Knowledge and experiences of needle prick injuries (NPI) among nursing students at a university in Gauteng, South Africa

Lindiwe I. Zungu*, M. L. Sengane, K. G. Setswe

*Corresponding author for this work

Research output: Contribution to journalArticlepeer-review

16 Citations (Scopus)


Background: Healthcare workers and students on training who are directly involved in treating and nursing patients face a great risk of acquiring blood-borne infections from the workplace. Needle prick injuries (NPI) are the commonest route by which such infections are transmitted from patients to healthcare providers. Nursing students on training are no exception, as they get exposed to accidental needle pricks and contamination during their hospital activities. Lack of appropriate resources, knowledge and skills, coupled with the unavailability of the universal standard precautionary procedures and compliance thereof, constitute high risks for needle prick injuries. Adequate knowledge and adherence to safety practices could prevent the occurrence of NPI and the related consequences. A survey was conducted among nursing students at a specific university in Gauteng to assess their knowledge of NPI, to identify and describe factors that contribute to the occurrence of NPI, and to discover the circumstances of needle prick accidents among the targeted group of students. Methods: A cross-sectional quantitative survey was conducted among nursing students from the second to the fourth year of study registered at the specific university for the 2007 academic year. Questionnaires were hand delivered to a convenient sample of nursing students attending mandatory nursing classes. Those who consented signed a consent from. Participants completed and handed back the questionnaires to the researchers on the same day that they were delivered. Data collected included factors contributing to NPI and high-risk procedures leading to NPI, as perceived by these students. A knowledge assessment of NPI guidelines, policies and protocols and prevalence of NPI among these students was also done. Results: A response rate of 96 (74%) was achieved. The average age of the respondents was 23 years, with a minimum age of 18 and a maximum age of 35. The sample consisted of more females than males. The majority of respondents were in the second year of study. The majority (56%) rated needle recapping, disposing used needles (28.1%) and cleaning sharp instruments (56.3%) as extremely high-risk procedures. Furthermore, 30.2% of the respondents thought suturing and blood taking (33.3%) were high-risk procedures for NPI, while 25% rated administering injections, 35.5% rated blood transfusion and 74.8% rated the lack of adequate containers for sharps disposal to be highly associated with the risk of NPI. A significant proportion of the respondents rated the lack of knowledge about NPI (policies and protocols) at institutions of clinical training as an extremely high risk, followed by the lack of accompaniment and in-service training. Only 16.0% of the respondents had suffered NPI and only 8.3% had reported the incident. Conclusion: Procedures rated as high risk were considered to be most likely associated with the occurrence of NPI. Appropriate guidelines, adequate knowledge and the enforcement of compliance with standard precautionary measures could reduce the incidence of NPI among nursing students.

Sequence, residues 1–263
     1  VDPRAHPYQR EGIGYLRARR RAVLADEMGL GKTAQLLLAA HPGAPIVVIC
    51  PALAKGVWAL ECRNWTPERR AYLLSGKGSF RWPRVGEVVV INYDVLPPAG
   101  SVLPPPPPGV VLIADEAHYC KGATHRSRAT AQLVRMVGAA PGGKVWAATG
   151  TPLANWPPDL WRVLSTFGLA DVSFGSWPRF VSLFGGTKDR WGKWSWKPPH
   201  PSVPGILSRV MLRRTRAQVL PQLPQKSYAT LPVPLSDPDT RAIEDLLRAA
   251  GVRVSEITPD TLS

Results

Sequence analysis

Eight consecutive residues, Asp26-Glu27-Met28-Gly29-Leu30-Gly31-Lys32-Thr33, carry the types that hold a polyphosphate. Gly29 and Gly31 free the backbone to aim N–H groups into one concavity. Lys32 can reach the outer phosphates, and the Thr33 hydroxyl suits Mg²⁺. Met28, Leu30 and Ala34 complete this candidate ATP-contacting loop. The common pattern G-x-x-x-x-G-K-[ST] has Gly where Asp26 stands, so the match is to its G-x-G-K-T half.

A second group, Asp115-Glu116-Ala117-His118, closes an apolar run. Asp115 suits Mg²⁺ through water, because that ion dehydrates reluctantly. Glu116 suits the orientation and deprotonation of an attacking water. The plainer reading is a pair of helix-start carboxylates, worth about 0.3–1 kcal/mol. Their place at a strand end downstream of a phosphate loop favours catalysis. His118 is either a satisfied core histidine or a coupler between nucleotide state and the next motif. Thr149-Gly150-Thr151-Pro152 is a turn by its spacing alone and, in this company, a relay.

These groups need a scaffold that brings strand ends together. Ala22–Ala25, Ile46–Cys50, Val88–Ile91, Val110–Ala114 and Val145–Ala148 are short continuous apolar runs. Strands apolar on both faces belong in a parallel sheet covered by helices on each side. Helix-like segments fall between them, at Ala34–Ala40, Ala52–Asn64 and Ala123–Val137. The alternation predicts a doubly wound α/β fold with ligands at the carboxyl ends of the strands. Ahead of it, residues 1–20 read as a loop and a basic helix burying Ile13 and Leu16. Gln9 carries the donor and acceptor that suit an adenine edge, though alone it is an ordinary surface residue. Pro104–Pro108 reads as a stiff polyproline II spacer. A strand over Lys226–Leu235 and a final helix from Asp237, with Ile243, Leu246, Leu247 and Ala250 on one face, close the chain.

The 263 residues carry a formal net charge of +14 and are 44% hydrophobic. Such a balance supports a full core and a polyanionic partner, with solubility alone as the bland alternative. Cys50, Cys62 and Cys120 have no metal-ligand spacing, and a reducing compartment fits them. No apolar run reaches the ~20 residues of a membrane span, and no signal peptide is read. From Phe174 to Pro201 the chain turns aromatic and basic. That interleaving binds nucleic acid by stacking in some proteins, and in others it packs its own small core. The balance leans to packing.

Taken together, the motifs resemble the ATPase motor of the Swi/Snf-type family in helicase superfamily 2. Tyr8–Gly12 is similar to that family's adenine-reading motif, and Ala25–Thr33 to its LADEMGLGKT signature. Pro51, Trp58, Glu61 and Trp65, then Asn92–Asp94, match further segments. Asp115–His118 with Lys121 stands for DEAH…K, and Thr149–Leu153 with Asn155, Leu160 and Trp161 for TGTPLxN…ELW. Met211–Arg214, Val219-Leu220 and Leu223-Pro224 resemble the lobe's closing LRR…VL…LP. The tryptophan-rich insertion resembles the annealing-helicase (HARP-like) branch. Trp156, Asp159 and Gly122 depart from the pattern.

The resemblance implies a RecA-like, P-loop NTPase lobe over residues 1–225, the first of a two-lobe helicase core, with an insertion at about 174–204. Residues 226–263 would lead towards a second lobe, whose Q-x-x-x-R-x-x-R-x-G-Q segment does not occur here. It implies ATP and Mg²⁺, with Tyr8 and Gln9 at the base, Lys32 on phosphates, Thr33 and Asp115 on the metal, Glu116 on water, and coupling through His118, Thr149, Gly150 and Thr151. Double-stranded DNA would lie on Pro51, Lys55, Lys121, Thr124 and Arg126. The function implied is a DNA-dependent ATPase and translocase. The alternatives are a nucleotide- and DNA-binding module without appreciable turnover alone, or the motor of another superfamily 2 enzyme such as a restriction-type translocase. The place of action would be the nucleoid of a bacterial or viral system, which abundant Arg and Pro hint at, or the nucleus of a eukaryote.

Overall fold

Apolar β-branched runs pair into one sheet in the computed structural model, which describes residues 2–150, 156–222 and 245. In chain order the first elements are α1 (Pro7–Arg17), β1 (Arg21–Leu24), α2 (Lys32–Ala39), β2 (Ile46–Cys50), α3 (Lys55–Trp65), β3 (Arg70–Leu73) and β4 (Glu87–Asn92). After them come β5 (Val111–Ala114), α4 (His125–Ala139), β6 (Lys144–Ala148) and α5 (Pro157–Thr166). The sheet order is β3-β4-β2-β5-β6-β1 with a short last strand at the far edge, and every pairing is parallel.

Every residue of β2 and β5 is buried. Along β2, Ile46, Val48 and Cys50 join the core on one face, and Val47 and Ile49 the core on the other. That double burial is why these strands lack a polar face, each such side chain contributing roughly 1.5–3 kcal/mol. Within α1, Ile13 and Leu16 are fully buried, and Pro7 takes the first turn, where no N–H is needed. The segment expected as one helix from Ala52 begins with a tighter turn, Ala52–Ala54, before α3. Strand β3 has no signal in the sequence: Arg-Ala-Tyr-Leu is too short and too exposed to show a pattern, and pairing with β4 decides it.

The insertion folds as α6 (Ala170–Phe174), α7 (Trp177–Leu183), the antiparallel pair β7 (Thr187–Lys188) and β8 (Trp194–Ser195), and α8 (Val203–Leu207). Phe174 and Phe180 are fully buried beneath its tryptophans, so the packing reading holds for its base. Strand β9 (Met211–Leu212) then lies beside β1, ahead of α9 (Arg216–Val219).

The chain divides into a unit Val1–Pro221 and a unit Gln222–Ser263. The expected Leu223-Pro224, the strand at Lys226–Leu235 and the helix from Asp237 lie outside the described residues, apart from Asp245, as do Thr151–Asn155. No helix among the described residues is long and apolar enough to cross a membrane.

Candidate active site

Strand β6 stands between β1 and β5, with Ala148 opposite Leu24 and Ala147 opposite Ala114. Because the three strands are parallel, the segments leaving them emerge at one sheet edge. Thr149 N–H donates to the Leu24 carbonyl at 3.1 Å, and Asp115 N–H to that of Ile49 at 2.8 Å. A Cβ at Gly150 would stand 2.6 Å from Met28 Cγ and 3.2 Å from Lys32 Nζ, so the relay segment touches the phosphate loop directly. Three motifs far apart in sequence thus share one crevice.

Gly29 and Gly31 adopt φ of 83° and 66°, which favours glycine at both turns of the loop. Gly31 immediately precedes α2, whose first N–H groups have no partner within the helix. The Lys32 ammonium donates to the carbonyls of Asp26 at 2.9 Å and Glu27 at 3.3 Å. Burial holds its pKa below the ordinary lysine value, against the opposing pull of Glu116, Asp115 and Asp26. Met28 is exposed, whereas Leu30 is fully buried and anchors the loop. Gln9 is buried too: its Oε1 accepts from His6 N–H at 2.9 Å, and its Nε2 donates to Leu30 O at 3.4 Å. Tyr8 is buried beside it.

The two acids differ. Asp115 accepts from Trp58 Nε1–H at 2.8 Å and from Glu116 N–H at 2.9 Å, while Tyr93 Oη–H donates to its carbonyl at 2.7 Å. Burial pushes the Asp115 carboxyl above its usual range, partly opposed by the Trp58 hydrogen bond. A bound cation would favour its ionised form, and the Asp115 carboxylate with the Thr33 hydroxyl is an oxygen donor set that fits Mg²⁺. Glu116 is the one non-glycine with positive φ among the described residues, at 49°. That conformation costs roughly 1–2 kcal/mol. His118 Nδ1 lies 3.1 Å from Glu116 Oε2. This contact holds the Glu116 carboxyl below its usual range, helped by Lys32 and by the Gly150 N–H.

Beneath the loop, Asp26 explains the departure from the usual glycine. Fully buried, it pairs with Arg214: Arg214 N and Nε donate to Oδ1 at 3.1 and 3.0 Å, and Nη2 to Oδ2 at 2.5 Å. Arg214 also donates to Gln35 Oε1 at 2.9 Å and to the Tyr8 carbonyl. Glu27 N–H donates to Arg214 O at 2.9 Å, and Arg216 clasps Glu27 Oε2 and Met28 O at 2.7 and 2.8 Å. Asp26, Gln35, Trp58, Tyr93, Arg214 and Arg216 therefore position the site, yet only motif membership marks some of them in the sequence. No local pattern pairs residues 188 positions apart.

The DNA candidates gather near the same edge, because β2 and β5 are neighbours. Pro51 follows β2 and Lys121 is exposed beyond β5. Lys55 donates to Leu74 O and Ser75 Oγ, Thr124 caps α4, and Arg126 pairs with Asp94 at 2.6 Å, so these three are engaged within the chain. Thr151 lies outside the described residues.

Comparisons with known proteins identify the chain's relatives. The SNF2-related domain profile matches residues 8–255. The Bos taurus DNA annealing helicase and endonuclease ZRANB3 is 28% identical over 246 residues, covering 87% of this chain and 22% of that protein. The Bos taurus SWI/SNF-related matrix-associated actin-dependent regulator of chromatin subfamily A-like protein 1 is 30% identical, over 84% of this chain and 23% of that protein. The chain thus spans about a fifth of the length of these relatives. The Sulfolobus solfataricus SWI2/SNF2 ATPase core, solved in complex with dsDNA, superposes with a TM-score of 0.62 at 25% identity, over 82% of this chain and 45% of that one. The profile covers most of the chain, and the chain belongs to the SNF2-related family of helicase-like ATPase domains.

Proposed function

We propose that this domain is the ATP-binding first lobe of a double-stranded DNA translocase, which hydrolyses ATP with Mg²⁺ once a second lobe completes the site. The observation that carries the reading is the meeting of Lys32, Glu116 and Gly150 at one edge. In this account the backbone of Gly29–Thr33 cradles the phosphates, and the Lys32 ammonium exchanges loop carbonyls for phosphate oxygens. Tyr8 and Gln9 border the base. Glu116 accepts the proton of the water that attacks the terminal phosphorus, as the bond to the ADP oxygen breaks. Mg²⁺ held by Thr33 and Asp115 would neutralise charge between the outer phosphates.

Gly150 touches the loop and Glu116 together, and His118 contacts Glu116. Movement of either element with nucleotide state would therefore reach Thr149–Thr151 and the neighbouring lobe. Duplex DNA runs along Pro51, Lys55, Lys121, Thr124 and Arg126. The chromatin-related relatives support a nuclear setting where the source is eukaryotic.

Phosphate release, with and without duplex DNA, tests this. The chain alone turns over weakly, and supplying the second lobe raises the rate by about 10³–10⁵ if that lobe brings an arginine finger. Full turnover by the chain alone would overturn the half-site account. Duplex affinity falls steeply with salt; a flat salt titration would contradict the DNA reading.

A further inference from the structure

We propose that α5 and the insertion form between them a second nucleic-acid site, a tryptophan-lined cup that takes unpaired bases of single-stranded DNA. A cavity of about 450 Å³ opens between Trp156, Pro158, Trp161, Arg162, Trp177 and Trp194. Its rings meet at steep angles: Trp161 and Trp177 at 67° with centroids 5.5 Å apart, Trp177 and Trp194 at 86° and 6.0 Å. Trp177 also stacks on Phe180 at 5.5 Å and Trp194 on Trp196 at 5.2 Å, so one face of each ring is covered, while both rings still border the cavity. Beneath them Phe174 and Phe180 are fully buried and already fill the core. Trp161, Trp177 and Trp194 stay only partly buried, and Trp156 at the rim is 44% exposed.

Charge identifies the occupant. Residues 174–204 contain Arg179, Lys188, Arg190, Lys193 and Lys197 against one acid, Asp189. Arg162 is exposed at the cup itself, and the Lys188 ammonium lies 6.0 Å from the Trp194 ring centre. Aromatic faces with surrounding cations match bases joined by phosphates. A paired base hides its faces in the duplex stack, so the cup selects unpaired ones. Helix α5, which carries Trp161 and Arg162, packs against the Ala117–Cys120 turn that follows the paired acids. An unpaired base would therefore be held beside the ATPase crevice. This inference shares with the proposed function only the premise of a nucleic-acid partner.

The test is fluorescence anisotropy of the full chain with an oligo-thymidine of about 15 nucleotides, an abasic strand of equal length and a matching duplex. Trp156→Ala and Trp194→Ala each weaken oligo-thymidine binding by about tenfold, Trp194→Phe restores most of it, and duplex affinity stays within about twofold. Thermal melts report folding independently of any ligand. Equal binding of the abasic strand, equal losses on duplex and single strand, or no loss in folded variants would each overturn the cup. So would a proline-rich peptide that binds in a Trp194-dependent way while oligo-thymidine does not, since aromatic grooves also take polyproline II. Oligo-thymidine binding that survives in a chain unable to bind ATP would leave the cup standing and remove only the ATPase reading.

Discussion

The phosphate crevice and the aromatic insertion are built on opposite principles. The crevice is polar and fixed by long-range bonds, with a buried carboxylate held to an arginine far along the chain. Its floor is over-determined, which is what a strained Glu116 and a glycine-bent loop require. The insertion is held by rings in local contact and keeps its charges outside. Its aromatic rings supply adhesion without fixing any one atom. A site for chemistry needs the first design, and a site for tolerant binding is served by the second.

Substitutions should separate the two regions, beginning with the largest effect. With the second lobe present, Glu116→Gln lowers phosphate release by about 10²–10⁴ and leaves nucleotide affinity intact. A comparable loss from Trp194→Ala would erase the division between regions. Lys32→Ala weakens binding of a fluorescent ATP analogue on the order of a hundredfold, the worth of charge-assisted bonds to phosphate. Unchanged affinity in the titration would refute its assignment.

Original languageEnglish
Pages (from-to)48-48c
JournalSouth African Family Practice
Issue number5
Publication statusPublished - 2008
Externally publishedYes


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